Trials, travails generate tales for Buffalo Commons

Friday, June 3, 2005
mary Ellen Goodenberger and Walt Sehnert will join other storytellers in all their glory in next week's Buffalo Commons Storytelling Festival.

Drs. Deborah E. and Frank J. Popper of New Jersey insulted a goodly portion of Americans with their 1987 metaphor suggesting that the Great Plains of America be returned to a "Buffalo Commons," an area of light land use controlled by the federal government.


Hardy inhabitants of the middle section of America haven't learned nothin' living out here on the Great Plains, staring down the challenges of rain and no rain, crops and no crops, business or bust, heat and cold, wind and and the calm before the storm.

The very cycles that the Poppers determined were the reasons to depopulate the Plains and repopulate with buffalo are fodder for memories, and for the stories, the songs and the poems of the Plains people.

Nine years ago, the Plains people, particularly those of Southwest Nebraska, turned the Poppers's insult into ingenuity, twisting the couple's own words into something uniquely wonderful -- "The Buffalo Commons Storytelling Festival."

The ninth annual storytelling festival -- Friday and Saturday, June 10 and 11 -- will bring to McCook people who love life on the Great Plains -- people who take inspiration for their stories and music from the weather, the land, the animals and the people that the Poppers thought were so undesirable ... so dispensable.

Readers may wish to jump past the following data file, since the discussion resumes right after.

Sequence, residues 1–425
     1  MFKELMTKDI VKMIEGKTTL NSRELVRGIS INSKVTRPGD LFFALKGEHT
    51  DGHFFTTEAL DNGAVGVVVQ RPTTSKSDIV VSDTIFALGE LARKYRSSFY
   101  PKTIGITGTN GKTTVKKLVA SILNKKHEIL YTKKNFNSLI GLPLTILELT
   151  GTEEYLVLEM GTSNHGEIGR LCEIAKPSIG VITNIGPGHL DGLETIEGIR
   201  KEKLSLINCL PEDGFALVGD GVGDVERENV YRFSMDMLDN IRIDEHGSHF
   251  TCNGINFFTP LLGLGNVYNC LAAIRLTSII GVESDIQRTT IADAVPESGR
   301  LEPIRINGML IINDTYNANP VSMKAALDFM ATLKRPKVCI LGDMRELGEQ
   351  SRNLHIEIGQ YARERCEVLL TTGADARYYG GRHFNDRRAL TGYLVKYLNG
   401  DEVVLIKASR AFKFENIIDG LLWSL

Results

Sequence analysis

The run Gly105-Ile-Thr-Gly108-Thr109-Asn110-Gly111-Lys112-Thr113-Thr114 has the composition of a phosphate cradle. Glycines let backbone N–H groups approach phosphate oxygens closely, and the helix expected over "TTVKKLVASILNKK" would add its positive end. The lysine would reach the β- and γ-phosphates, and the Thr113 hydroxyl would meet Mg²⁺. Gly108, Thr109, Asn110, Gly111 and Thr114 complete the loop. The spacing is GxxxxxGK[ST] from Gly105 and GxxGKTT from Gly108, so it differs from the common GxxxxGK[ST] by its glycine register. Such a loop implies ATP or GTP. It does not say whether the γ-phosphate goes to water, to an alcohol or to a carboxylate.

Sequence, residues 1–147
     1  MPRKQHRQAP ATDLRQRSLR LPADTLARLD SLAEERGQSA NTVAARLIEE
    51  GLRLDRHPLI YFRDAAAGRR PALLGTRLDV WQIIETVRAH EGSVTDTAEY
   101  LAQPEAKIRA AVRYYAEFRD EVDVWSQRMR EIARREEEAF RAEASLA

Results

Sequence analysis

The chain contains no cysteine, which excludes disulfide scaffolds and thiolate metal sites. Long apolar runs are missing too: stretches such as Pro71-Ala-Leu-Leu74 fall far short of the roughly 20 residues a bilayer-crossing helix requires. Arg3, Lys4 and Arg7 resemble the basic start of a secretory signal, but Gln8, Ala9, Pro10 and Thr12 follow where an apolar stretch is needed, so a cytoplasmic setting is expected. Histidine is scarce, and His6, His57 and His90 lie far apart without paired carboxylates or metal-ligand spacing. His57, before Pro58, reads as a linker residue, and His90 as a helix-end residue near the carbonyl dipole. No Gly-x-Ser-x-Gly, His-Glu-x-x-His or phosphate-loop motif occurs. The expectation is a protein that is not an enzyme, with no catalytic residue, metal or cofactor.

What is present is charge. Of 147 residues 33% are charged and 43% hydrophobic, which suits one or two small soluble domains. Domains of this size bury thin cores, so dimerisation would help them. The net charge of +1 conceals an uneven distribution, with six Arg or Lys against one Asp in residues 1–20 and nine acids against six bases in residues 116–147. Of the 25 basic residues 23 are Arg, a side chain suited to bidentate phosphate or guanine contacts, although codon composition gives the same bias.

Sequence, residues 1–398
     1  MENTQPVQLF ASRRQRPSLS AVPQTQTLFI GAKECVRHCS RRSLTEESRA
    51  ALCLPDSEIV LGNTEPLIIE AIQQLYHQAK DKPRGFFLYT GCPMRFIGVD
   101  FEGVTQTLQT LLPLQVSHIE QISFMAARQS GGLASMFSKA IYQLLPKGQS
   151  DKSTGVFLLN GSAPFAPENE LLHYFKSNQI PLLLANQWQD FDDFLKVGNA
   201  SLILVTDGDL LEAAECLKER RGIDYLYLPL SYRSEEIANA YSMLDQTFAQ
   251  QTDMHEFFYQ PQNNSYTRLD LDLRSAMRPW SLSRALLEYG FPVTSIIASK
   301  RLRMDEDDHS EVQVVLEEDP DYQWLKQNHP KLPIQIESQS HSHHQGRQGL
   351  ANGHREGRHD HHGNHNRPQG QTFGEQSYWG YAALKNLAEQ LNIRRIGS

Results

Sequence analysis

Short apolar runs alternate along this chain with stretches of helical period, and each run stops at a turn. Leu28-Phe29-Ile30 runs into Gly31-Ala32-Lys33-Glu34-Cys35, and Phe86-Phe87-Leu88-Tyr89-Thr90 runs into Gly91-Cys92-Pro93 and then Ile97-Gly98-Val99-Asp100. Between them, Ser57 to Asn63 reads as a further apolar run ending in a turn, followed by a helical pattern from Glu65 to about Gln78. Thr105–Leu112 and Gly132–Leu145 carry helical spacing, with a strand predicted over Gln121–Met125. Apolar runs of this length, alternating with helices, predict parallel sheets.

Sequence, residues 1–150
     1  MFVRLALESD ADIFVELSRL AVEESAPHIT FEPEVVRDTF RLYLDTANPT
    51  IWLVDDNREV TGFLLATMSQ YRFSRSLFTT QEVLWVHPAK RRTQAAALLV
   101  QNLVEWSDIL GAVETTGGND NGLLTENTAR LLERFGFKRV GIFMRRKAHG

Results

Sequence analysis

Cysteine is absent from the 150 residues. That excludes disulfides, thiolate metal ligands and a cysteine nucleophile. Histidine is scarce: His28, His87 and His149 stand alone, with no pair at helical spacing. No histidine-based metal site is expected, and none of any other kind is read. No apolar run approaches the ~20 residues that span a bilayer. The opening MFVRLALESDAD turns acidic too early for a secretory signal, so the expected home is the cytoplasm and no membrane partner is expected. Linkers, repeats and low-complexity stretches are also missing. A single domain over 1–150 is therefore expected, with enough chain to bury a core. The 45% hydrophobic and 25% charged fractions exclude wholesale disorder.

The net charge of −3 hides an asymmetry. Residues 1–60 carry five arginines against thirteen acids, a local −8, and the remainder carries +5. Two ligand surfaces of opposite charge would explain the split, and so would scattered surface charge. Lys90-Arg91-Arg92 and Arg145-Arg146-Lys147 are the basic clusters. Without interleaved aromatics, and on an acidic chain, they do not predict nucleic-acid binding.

On the second day of the festival in particular, singer, songwriter and Texas trou-badour Andy Wilkinson will revisit the Buffalo Commons theory of the Poppers. According to festival organizers, Wilkinson will "hold forth on the future of the High Plains -- cowboy style."

Wilkinson's down-home dissertation will begin at 11 a.m., at the Bieroc Cafe in downtown McCook.

The tales and travails of Southwest Nebraska farmers and ranchers will take center stage at 12:30 p.m., also at the Bieroc, as storytellers Mary Ellen Goodenberger of rural Trenton and Walt Sehnert of McCook will host "an old-fashioned coffee clatch" -- subtitled, "You have to be delusional to farm in Southwest Nebraska" -- for the locals. Mary Ellen and Walt say, "Bring your best story ... enjoy your neighbor's best story."

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